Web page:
Two examples of related concerns to the “Downing Steet” memos: DOD Secretary Rumsfeld’s pre-positioning of thousands of troops and large stores of equipment, months before the final decision was made; the top-level White House involvement in the “torture memo” process that led directly to the international humiliation of Guantanamo and Abu Ghraib, despite internal warnings from then-Secretary of State Powell and Deputy Secretary Armitage.

Add those up, add your own examples, and you will know why you hear conversations in the past couple of days using the “impeachment” word...not as a prediction, this is way too soon and/or extreme for now...but as part of an attempt to measure historic parallels, and to think aloud on how far this process might go. Maybe nowhere? Or, maybe we’re just seeing the beginning of something. We mention it tonight because the conversation is being held less quietly than before, and politics in Washington may be about to get even worse, if you can imagine anything worse.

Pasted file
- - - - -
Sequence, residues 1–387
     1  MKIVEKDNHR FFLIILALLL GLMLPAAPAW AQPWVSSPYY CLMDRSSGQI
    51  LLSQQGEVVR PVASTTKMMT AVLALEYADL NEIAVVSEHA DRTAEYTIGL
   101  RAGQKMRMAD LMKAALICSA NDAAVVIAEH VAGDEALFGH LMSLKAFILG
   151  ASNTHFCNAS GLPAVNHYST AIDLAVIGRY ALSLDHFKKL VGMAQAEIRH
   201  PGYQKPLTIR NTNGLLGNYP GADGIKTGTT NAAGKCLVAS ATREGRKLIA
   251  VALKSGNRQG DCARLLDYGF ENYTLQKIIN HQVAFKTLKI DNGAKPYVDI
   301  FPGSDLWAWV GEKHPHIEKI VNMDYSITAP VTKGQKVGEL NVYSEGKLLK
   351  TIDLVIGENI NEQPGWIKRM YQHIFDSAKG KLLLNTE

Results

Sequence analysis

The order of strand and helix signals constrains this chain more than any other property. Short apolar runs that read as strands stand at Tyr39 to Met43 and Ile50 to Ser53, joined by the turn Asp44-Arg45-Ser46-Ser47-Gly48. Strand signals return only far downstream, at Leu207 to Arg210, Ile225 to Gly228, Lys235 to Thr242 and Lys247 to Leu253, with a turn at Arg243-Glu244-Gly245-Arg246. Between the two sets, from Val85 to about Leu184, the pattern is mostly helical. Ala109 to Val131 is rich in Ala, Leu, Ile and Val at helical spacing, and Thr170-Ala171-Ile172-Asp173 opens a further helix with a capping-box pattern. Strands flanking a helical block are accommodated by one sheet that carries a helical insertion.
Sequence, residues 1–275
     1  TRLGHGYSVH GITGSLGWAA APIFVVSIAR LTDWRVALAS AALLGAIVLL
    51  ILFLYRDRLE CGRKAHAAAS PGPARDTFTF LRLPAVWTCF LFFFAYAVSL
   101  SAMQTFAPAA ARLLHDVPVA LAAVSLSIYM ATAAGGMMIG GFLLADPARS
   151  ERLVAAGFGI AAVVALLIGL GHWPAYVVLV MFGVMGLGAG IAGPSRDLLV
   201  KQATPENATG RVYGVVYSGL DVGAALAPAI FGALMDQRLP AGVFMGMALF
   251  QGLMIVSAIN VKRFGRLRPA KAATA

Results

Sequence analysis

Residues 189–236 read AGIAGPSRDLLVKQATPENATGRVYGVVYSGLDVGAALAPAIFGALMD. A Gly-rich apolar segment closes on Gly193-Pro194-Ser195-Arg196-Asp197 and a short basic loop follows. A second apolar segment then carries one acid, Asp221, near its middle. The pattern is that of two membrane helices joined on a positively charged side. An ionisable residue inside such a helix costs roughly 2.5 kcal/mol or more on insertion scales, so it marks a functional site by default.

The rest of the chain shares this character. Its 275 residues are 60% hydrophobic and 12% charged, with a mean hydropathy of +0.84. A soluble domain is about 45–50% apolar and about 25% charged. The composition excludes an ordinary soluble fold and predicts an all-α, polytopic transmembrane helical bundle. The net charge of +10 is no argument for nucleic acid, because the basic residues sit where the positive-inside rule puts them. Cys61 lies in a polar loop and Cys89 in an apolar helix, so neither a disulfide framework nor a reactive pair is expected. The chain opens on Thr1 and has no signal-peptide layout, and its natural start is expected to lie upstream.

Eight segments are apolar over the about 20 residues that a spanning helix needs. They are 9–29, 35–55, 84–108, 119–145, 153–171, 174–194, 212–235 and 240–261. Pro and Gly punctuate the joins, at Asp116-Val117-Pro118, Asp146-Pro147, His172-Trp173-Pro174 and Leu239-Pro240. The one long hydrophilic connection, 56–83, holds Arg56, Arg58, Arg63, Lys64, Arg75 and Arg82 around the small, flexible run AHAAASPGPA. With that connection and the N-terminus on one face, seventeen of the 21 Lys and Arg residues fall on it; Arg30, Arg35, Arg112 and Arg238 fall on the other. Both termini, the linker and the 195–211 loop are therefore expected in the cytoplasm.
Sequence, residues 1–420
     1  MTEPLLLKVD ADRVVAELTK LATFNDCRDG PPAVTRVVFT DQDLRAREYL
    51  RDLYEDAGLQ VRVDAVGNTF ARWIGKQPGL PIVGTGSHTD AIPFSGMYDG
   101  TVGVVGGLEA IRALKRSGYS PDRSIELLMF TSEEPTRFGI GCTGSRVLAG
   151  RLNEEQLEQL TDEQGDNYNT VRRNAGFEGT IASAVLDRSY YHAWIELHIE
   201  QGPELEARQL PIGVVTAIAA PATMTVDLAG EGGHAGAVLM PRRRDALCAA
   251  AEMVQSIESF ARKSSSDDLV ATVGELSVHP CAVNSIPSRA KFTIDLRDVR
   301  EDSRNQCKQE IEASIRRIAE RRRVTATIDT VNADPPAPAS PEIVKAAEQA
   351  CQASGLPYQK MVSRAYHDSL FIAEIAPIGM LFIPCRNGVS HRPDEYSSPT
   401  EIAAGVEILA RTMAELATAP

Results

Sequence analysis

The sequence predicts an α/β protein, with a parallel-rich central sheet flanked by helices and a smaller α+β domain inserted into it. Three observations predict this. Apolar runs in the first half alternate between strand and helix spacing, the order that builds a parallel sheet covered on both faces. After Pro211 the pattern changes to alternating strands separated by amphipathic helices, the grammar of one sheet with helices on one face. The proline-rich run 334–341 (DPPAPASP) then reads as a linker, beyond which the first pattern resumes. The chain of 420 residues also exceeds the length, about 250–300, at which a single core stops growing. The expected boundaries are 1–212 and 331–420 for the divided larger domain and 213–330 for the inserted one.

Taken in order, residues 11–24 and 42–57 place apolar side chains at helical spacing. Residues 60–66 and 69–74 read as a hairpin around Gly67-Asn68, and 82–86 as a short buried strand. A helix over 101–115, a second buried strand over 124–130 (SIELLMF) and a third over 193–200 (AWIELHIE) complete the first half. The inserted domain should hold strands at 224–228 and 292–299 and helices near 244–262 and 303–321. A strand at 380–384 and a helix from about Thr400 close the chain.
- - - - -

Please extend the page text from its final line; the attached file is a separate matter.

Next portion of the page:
Passed on without <$NoAd$> comment.

San Diego Union-Tribune columnist Logan Jenkins says: "Duke's done. One way or another, an under-the-table real-estate deal will end his long run in Congress."

With the news today that the boat Randy "Duke" Cunningham lives on down at the yacht club really isn't 'his' yacht but rather a yacht pretty clearly bought for him by a defense contractor getting his help on the appropriations committee, you really have to wonder: How do they think they'll get away with it? And yet, until now he has.

Yeah, I know. Apparently the Duke is 'renting' the boat. But how is it exactly that Mitchell Wade's boat got named the 'Duke Stir' anyway? He's a big John Wayne fan?

In any case, this is one of the things that always surprises me about Washington. There are many members of Congress -- hopefully most, but who knows? -- who are almost comically precise in following all the various rules and regulations about who has to pay for meals or whether some little trinket gift has to be reported. And when you're literal about them the rules are pretty broad and encompassing.